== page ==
Snowmobiles: As of 2/8, snowmobile trails in certain areas of the Adirondacks have been CLOSED due to inadequate trail conditions; but visitors are advised to plan ahead and check local club, county, and state webpages and resources, including the NYSSA Snowmobile web map, for up-to-date snowmobile trail information. As always, snowmobile access is dependent on conditions and can change quickly.

Trailhead Parking: Remember, many Adirondack trailhead parking areas are not maintained or plowed in winter. Please be prepared to encounter unplowed, snowy and icy conditions at parking areas, and anticipate possible snow accumulation around your vehicle.

Summer Employment Opportunities:

nys dec promotional set up

NYS DEC photo.

Would you like to work in New York State’s beautiful High Peaks Region of the Adirondack Forest Preserve this summer?

Environmental Educators Needed!

Join our Region 5 Outreach Team and become an integral part of the High Peaks Information Station Program this summer. Educators will spend the summer educating on safe and sustainable recreation in the High Peaks. Your role as an educator is vital in protecting the Adirondack’s natural resources while enhancing the safety, experience, and wellbeing of our communities and visitors. Positions are based out of the Region 5 headquarters in Ray Brook, NY but educators will spend much of their time at their designated information station. The application period will open in April but you can send your resume anytime to

Summer Camps Staff Needed!

Would you like to gain job and life skills while backpacking, camping, and canoeing?

We’re seeking nature loving staff for the Summer Camps Program. Summer Camps combine environmental education, hunter education, and outdoor recreation to create an adventurous experience for campers 11-13 years old or 14-17 years old. Working at a NYSDEC camp is a great opportunity to gain practical outdoor, naturalist, teaching, leadership, and many other transferrable skills while living in a beautiful setting. Working with youth is an incomparable experience that will stick with you for a lifetime.

There are four camps:

  • Camps Colby—Adirondacks;
  • Pack Forest—Adirondacks;
  • Camp DeBruce—Catskills; and
  • Camp Rushford—Western NY.

Learn more about camp and employment. To apply, please send a resume, cover letter, and unofficial transcript to

Safety and Education: Avalanche Defense:

10 hiking essentials graphic

NYS DEC photo.

As we discussed last week when talking about warning signs, February is the most avalanche-prone month of the year. In addition to knowing the warning signs, you should also be well-versed in what to do should you encounter an avalanche.

  1. When you see an avalanche coming, move to the side instead of trying to outrun it.
  2. If you are caught, first try to escape to the side, or grab onto a tree or rock.
  3. Be focused on “swimming” with the flow of the avalanche to keep your head above the surface and stay on top (this is key).
  4. If buried, consistently push snow out of your face as much as you can to create an air pocket for you to breathe from.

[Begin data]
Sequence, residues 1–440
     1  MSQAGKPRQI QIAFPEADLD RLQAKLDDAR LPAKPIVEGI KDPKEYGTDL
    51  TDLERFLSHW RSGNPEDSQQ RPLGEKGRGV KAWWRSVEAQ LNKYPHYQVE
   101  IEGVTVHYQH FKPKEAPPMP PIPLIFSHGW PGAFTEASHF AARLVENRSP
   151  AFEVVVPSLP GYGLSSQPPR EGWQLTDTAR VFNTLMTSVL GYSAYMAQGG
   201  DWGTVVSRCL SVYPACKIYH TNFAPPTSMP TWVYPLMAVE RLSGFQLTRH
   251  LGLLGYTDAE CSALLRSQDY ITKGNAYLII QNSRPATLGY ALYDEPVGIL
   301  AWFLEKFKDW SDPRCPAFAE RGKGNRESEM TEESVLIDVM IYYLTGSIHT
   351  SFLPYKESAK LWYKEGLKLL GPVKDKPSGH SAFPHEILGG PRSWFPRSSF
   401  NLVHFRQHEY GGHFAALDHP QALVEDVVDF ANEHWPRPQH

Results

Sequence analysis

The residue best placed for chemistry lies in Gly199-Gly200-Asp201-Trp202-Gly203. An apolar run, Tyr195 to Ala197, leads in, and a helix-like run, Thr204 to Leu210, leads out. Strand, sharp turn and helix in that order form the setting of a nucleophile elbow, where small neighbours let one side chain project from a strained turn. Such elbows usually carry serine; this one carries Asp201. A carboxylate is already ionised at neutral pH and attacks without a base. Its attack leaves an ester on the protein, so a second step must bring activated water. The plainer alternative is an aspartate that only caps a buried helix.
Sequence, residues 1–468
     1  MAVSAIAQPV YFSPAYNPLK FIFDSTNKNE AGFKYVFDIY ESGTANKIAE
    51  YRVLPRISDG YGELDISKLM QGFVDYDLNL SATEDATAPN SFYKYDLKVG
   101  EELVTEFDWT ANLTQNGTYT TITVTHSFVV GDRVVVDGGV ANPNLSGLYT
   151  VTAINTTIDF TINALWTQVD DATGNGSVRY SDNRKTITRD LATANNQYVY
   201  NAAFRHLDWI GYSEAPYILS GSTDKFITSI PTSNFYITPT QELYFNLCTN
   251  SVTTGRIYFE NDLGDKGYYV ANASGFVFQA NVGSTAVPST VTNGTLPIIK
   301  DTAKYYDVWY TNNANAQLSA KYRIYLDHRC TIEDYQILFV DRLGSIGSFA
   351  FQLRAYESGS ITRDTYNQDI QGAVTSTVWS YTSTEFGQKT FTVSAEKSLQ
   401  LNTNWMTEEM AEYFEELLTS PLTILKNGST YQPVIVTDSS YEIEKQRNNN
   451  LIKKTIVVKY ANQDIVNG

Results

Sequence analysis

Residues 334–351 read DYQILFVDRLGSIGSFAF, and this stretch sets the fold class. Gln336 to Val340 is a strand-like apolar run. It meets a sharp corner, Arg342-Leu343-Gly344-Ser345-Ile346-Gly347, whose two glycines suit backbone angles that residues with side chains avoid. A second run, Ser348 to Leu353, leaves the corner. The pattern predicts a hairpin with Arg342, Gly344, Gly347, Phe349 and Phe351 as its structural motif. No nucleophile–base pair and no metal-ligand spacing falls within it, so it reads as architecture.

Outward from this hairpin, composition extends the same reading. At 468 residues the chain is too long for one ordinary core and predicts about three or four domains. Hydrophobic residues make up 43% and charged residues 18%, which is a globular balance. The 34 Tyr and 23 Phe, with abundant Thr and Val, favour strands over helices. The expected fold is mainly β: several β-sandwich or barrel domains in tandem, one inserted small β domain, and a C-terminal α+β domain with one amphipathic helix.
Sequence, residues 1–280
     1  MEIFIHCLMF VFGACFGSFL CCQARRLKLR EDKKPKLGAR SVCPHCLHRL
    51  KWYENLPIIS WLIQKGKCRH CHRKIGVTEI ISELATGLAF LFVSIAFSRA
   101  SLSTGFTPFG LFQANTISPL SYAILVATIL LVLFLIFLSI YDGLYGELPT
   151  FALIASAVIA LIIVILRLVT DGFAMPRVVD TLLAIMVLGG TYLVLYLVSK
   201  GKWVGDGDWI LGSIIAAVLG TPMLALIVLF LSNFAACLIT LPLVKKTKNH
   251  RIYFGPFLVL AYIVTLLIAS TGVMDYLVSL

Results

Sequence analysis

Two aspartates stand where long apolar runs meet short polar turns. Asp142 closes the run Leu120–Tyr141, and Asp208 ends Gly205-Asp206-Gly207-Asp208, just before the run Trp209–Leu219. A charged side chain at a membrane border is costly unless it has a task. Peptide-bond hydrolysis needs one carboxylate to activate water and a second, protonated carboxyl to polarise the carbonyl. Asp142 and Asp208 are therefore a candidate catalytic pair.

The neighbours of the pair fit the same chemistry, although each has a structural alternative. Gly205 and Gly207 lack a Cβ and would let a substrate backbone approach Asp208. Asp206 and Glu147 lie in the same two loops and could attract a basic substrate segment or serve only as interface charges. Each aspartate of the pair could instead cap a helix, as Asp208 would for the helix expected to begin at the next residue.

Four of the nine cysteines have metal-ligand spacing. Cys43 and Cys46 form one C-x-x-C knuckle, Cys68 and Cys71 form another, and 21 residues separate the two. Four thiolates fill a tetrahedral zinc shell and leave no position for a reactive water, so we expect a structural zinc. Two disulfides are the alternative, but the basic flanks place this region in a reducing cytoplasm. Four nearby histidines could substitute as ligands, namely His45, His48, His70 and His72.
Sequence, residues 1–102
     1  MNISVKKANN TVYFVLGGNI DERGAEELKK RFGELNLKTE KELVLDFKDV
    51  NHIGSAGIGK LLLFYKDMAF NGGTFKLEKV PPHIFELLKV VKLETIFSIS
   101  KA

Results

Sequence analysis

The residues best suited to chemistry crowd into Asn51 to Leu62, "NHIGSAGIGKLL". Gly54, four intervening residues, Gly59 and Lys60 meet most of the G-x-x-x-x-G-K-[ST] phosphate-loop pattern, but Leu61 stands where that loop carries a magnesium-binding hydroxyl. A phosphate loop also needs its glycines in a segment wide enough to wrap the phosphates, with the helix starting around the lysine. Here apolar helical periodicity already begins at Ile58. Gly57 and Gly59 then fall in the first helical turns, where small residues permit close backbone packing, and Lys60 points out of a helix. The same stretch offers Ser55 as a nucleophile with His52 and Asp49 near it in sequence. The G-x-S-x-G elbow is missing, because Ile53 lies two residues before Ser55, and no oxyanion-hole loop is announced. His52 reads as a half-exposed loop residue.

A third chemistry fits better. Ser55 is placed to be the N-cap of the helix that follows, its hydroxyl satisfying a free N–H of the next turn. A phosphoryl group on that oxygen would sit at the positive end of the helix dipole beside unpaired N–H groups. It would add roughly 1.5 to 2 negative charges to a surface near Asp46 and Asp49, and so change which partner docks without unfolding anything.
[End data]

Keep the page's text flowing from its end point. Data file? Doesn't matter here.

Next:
Lastly, you should always be equipped with an avalanche transceiver, aka beacon, when you are traversing through avalanche terrain. Beacons are electronic devices that allow rescuers to quickly locate buried victims by transmitting and receiving signals. Only 1 of 3 victims buried without a beacon survives, so it can be a truly amazing, lifesaving tool.

Whether you’re going for a snowshoe, ski, or out on the ice, Hike Smart NY can help you prepare with a list of 10 essentials, guidance on what to wear, and tips for planning your trip with safety and sustainability in mind.

Leave No Trace – Taking Care of Business:

A guide to pooping outdoors in the snow graphic.

Graphic courtesy of Leave No Trace.

The snow may be dwindling, but it’s still winter! With new snow this week, it’s time to talk about some serious business: taking care of your business, aka pooping in the snow.

It’s normally recommended to bury waste in a cathole, but snow and ice can prevent that from being possible. If you are unable to get 200 feet away from the trail and dig a 6-8-inch hole, then packing it out is the next best option.

If you’re an avid hiker, look into getting specialized bags that come with a powder inside. You can also use regular bags, like what you’d use to pick up after a canine companion, but make sure you avoid disposing of them in public trash cans as it’s not safe to do so without the specialized bags. Instead, pack it out and dispose of it at home.

Or best-case scenario, go before you go! Either way, just remember to Be Considerate Of Others and go responsibly (and far enough away from the trail/water sources/campsites).

Follow the Seven Principles of Leave No TraceTM to maintain minimal impact on the environment and the natural resources of the Adirondacks.

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Information attributed to NYSDEC is taken from press releases and news announcements from New York State's Department of Environmental Conservation.